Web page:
Posted: May. 25, 2017 12:01 am
With heroin addiction and substance abuse verging on what many increasingly are coming to view as a public health crisis, a coalition of public health officials, law enforcement and civic leaders is taking shape in an effort to end the discrimination and negative attitudes many say are preventing people with drug addiction and related mental health issues from seeking treatment.
The “stigma-free” initiative, which was announced earlier this month at a forum on the campus of Saint Clare’s Health in Denville, was attended by state Sen. Steve Oroho and Sparta Police Chief Neil Spidaletto and about 75 other officials and civic leaders from throughout Saint Clare’s home region of Sussex and Morris counties.
The movement coincides with National Mental Health Awareness Month and aims, in the short term, to enlist municipalities throughout the region as “stigma-free communities.” The hope is that doing so will be a first step toward facilitating expanded access to treatment programs and, beyond that, to related services needed for those completing treatment to make a successful transition back into mainstream society.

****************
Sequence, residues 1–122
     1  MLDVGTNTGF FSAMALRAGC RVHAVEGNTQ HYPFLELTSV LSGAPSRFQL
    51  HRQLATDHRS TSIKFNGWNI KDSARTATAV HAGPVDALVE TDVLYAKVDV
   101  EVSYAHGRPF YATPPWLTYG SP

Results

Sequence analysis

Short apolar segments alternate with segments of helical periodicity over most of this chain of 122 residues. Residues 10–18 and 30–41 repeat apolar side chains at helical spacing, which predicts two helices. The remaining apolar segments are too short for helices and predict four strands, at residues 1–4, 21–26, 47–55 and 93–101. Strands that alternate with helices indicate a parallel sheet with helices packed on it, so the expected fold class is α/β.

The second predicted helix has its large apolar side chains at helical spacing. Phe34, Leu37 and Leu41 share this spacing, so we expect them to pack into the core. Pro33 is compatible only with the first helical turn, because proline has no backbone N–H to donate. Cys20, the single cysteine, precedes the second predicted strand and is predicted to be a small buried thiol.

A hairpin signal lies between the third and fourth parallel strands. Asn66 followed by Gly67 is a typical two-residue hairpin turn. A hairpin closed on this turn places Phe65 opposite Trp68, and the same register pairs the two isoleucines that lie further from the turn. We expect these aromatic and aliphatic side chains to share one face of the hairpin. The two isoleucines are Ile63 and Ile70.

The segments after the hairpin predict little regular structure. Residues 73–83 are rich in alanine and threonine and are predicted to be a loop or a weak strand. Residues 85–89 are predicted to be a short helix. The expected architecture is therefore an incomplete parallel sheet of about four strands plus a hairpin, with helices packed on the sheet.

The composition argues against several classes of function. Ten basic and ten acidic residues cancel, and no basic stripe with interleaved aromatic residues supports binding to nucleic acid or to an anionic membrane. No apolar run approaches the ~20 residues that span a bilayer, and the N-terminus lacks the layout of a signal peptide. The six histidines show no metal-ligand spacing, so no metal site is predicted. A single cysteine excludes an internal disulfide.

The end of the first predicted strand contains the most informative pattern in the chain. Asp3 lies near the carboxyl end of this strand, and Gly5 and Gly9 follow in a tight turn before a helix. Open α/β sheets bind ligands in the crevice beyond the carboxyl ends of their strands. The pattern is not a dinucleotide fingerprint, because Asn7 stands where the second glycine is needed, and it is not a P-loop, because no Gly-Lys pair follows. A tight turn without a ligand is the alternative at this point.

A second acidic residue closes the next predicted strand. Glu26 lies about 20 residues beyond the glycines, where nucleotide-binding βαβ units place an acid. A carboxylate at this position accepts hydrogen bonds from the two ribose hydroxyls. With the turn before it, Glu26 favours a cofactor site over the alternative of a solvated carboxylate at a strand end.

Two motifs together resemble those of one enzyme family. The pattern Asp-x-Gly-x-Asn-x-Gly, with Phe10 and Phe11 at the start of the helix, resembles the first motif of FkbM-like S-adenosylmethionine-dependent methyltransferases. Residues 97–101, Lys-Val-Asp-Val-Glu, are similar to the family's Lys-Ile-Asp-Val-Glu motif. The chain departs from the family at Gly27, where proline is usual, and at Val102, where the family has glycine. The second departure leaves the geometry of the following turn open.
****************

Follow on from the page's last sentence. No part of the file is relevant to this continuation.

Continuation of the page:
Sparta last month became the first community in Sussex County to sign on to the “stigma-free” initiative. To date, three communities in Morris County — Boonton Township, Dover and Mountain Lakes — have passed resolutions of support as well.
Sparta Councilwoman Christine Quinn — who introduced the proposal to her colleagues on the Township Council, where it passed unanimously last month — suggested doing so was a symbolic milestone in what she hopes will be a turning point in people’s attitudes on the subject.
Quinn specifically credited Spidaletto, the police chief — along with Brian Hassloch, a detective in the police department, and Nicole Reina, a public health nurse and member of the township’s public safety commission — with assisting her in shepherding the initiative’s…